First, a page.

• Renal Transplantation (Ayanian et al.)
  • Cardiac catheterization angioplasty (Harris et
    al, Ayanian et al.)
  • Coronary artery bypass graft (Peterson et al.)
  • Treatment of chest pain (Johnson et al.)
  • Referral to cardiology specialist care (Schulman
    et al.)
  • Pain management (Todd et al.)

22
Language Barriers
  • Quality of health care requires effective
    communication between patient and physician
  • Communication problems lead to lower patient
    adherence to medications and decreased
    participation in medical decision-making

23
Language Barriers
  • Spanish speakers are less likely to be discharged
    from the ER with an understanding of their
    medications, special instructions, and plans for
    follow-up care (Crane 1997)
  • Spanish-speaking Latinos are less likely to have
    physician visits, flu shots, or mammograms as
    compared to English-speaking Latinos or
    non-Latino Whites (Fiscella 2002)

24
Efforts to Address Disparities in Health
25
Steps Towards Translating HealthDisparities
Research Into Policy
  • Set The Agenda
  • 2) Build The Case
  • 3) Beware of Politics in Science
  • 4) Develop Comprehensive Approaches
  • 5) Recognize that Public Policies Are
    Complementary To Health

26
Set The Agenda
  • Healthy People 2010- Clinton Administration
  • Goal Eliminate Health Disparities

27
Set The Agenda
  • Achieving Equity The Healthy People
    Perspective
  • HP 2010 recognizes that communities, states, and
    national organizations will need to take a
    multidisciplinary approach to achieving health
    equity that involves improving health, education,
    housing, labor, justice, transportation,
    agriculture, and the environment.
  • (HP2010 Vol. 1, p. 16)

28
Build The Case
  • Institute Of Medicine Report (2002)
  • Unequal Treatment Confronting Racial And Ethnic
  • Disparities In Health Care (www.nap.edu)
  • Physicians For Human Rights Report
  • The Right To Equal Treatment
  • Numerous Health Research Policy Publications
  • Health Affairs The Determinants Of Health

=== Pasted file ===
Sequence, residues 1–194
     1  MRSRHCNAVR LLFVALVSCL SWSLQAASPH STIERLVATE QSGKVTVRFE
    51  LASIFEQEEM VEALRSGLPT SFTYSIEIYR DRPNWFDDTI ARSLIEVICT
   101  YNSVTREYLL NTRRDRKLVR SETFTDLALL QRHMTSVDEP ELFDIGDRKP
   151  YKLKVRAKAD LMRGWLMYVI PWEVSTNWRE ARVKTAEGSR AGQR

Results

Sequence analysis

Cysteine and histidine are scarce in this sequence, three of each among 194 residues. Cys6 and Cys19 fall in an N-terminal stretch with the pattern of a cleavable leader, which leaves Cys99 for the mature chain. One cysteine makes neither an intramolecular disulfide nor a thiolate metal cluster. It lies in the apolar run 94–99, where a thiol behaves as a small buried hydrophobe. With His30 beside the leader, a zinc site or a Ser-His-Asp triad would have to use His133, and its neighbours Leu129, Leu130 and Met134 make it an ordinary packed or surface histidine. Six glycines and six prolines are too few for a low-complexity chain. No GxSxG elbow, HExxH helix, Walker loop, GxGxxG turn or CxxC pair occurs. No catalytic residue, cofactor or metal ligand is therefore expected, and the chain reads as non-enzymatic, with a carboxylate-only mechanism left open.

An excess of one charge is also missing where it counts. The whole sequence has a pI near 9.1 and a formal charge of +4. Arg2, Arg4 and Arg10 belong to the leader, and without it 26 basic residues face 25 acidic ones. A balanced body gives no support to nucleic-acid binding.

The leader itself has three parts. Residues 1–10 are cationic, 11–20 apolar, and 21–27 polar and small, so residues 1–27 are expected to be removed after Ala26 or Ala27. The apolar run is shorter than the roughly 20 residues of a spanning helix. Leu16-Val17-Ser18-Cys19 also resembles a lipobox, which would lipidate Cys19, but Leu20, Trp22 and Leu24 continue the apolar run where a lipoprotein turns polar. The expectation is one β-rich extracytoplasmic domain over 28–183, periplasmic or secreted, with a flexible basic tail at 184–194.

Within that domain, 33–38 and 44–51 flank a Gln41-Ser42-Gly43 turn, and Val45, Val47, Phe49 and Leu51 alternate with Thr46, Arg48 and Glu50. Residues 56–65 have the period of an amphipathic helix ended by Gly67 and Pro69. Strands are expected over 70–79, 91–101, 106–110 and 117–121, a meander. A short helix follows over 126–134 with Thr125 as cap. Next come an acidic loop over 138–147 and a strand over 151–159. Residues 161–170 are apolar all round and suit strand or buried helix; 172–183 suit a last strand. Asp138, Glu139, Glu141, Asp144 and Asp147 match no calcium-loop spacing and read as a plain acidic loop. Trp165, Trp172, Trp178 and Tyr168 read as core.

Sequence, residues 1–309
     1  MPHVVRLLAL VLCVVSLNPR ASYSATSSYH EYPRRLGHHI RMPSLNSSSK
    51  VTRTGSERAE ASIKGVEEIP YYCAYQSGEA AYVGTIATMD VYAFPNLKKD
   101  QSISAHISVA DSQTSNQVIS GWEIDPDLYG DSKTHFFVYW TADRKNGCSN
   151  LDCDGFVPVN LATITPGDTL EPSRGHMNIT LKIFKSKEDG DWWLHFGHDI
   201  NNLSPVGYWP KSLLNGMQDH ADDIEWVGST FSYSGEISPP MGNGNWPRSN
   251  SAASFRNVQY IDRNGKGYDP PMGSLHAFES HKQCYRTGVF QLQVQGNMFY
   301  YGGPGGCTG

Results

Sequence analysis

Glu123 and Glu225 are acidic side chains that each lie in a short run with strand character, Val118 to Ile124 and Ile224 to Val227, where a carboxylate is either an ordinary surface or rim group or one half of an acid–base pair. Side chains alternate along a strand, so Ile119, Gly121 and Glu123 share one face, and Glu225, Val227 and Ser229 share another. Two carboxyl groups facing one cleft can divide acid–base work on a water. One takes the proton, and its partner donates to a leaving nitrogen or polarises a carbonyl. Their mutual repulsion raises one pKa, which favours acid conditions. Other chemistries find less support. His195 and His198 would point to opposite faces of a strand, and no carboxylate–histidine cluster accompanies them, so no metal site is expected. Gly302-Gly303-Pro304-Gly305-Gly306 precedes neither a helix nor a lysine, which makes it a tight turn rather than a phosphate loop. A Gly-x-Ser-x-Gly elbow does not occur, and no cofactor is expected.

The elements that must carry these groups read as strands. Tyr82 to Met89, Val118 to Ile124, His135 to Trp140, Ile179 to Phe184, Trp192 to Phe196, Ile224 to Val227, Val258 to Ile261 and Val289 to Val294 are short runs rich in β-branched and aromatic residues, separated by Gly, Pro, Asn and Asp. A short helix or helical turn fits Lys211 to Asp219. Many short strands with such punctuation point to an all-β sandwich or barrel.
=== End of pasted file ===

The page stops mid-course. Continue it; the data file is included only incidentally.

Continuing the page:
(3/2003)
  • American Journal Of Public Health, Eliminating
    Health
  • Inequalities, October 2003
  • Milbank Quarterly A Journal for Population
    Health And
  • Health Policy, Volume 1, 2004
  • Numerous Books on Health Disparities And Social
    Justice
  • Health For All Californias Strategic Approach
    To
  • Eliminating Racial And Ethnic Health Disparities
    (11/2003)

29
Politics And Science in Federal Reports
  • This first report clearly demonstrates that
    racial,
  • ethnic and socioeconomic disparities are national
  • problems that affect health care at all points in
  • the process, at all sites of care, and for all
  • medical conditions in fact, disparities in the
  • health care system are pervasive.
  • -National Health Disparities Report, as submitted
    to the
  • Department Of Health And Human Services (DHHS) by
    the
  • Agency for Healthcare Research And Quality
    (AHRQ), July 2003

30
Politics And Science in Federal Reports
  • This first report finds that, while most
  • Americans receive exceptional quality of
  • health care and have excellent access to
  • needed services, some socioeconomic,
  • racial, and ethnic differences exist.
  • - National Healthcare Disparities Report, as
    released by the DHHS, December 2003

31
Differences Between the Two Reports
  • Deletes most uses of the word disparity
  • Eliminates the conclusion that healthcare
  • disparities are national problems
  • Removes findings on the social costs of
  • disparities and replaces them with a
  • discussion of success
  • Omits key examples of healthcare disparities

32
Comprehensive and Integrated Approaches
  • Does health disparities legislation address
  • Social Determinants and Environment?
  • Health Care System?
  • Individual Factor?

33
A Commitment to Document Disparities
  • Collect and report data on health conditions and
    health care access by ethnicity, SES and primary
    language
  • Include measures of racial and ethnic disparities
    in performance measurements
  • Report racial and ethnic data by use of
    subpopulation groups where possible

34
Recognition that Health and OtherSocial Policies
are Complementary
  • Invest in young children
  • Provide services and opportunities for the
  • neediest, including health care
  • Strengthen support at the community level
  • Improve the work environment
  • Create a more equal economic environment
  • Assess the effects of economic and social
  • action on health

35
Resources
  • CDC Media Relations-Hispanic Disparities Press
    Kit
  • http//www.cdc.gov/od/oc/media/presskits/hhd.htm
  • The Office of Minority Health
  • http//www.omhrc.gov/
  • The National Center for Minority Health
  • http//ncmhd.nih.gov/

36
Summary
  • There is a significant body of evidence that has
    identified disparities in health and health care
    for Latinos and other underserved populations.
  • To eliminate disparities, partnerships, research,
    advocacy and more comprehensive policy approaches
    will be required